In people living with MS, the coating around nerves, called myelin, is attacked by the immune system. Myelin can be repaired by cells called oligodendrocytes that survive the immune attack or by recruiting support cells called oligodendrocyte progenitor cells (OPCs). However, in people living with MS, OPCs and surviving oligodendrocytes lose their ability to repair myelin and we do not understand why.
Dr Jessica Fletcher will take four approaches to learn why OPCs and oligodendrocytes no longer make myelin in MS:
By identifying why myelin repair fails in MS, Dr Fletcher and her team will build the knowledge base essential for the development and translation of effective brain repair treatments.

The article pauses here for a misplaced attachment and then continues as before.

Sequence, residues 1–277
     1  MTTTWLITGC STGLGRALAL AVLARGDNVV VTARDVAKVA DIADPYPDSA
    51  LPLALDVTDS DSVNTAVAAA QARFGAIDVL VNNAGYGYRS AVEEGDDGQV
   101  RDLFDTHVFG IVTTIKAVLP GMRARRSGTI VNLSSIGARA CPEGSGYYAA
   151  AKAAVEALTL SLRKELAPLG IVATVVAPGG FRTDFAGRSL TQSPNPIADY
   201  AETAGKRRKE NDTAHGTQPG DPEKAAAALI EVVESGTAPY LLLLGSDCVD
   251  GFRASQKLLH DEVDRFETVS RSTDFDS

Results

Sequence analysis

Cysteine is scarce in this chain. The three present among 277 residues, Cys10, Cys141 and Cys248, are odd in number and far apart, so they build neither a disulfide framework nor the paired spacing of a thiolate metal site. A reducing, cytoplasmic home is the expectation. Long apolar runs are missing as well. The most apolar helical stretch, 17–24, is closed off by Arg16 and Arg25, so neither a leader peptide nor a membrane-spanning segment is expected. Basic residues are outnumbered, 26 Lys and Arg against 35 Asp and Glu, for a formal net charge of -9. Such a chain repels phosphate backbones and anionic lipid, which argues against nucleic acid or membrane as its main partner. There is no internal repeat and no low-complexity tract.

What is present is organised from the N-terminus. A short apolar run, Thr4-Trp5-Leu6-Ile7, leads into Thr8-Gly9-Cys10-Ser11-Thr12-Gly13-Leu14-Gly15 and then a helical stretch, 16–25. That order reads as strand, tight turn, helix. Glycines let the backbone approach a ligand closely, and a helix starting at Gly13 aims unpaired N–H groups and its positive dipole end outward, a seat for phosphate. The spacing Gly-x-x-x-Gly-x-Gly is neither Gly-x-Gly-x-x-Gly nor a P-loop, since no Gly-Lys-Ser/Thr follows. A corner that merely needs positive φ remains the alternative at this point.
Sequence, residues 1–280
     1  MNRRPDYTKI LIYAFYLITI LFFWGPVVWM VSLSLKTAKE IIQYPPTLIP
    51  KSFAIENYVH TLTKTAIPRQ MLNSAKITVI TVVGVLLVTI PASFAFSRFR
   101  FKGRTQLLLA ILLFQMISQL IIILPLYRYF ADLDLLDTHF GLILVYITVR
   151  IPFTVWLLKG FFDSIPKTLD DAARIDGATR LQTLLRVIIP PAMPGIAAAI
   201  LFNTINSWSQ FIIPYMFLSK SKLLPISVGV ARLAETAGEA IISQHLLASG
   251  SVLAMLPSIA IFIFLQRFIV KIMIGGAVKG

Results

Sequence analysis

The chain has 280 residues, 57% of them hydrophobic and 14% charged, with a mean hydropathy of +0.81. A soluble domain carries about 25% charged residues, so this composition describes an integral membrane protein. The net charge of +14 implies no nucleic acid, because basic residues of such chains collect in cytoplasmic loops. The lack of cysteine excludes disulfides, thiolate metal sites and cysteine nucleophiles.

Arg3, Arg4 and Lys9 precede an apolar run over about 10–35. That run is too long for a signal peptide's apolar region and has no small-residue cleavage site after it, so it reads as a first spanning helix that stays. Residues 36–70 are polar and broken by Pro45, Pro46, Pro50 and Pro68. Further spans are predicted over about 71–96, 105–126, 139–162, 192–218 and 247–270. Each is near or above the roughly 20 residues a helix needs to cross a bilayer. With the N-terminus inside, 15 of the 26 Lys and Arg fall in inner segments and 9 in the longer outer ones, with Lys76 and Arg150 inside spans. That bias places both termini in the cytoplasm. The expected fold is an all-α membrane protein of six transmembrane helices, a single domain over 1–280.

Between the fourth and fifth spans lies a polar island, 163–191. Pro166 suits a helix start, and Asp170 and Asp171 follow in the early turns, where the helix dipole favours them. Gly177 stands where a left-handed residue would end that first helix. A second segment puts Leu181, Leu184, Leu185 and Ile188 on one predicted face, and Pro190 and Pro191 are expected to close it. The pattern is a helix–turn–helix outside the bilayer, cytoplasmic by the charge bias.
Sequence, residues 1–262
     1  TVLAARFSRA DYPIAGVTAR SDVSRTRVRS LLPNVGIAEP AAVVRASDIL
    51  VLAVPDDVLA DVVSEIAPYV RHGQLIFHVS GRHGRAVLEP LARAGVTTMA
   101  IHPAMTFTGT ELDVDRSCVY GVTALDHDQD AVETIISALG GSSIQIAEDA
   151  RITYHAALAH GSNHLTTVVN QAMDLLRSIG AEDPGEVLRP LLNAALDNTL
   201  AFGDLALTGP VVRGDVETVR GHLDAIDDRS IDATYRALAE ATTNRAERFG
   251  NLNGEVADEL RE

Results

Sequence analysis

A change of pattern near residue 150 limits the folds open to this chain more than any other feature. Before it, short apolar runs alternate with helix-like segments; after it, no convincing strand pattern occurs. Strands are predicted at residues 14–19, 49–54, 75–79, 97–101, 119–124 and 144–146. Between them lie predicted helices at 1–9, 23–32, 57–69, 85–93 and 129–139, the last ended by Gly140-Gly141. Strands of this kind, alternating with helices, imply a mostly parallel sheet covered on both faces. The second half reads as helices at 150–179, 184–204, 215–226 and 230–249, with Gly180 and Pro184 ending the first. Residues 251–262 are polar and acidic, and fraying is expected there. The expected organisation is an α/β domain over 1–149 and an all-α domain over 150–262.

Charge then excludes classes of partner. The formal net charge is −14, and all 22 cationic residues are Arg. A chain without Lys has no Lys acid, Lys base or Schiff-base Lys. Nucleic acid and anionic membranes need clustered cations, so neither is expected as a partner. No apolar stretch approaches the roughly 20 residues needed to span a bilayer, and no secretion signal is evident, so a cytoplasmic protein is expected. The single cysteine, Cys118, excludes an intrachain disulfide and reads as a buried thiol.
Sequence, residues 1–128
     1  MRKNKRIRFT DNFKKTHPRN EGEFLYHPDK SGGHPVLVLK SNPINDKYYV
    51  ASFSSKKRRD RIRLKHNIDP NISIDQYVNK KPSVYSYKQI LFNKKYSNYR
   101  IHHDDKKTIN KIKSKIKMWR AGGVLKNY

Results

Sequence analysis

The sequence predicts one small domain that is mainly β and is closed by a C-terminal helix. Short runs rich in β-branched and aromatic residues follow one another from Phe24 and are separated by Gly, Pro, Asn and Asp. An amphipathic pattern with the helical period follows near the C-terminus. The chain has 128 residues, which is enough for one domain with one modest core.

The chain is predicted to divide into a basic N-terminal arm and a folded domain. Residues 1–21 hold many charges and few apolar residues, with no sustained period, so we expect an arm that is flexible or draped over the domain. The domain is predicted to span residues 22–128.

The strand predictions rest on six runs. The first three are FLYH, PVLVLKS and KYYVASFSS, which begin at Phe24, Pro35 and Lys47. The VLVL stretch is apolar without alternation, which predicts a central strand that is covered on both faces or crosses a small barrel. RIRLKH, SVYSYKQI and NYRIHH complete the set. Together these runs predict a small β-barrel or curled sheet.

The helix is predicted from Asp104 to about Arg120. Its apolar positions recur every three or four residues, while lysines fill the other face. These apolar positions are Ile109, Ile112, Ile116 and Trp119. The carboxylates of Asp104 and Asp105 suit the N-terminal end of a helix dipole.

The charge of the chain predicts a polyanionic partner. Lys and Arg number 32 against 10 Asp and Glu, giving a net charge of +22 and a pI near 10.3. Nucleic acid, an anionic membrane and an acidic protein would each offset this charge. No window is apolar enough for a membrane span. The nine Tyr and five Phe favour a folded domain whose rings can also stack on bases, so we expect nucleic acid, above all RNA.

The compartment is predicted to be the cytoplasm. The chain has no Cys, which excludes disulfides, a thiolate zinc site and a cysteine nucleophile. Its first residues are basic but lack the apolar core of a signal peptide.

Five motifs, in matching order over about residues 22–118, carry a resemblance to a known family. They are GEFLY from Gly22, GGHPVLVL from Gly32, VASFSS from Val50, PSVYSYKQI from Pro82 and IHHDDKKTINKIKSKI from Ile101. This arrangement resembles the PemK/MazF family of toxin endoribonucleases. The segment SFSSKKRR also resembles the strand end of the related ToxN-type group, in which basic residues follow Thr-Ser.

Updated: 22 January, 2024
Laboratory research that investigates scientific theories behind the possible causes, disease progression, ways to diagnose and better treat MS.
Research that builds on fundamental scientific research to develop new therapies, medical procedures or diagnostics and advances it closer to the clinic.
Clinical research is the culmination of fundamental and translational research turning those research discoveries into treatments and interventions for people with MS.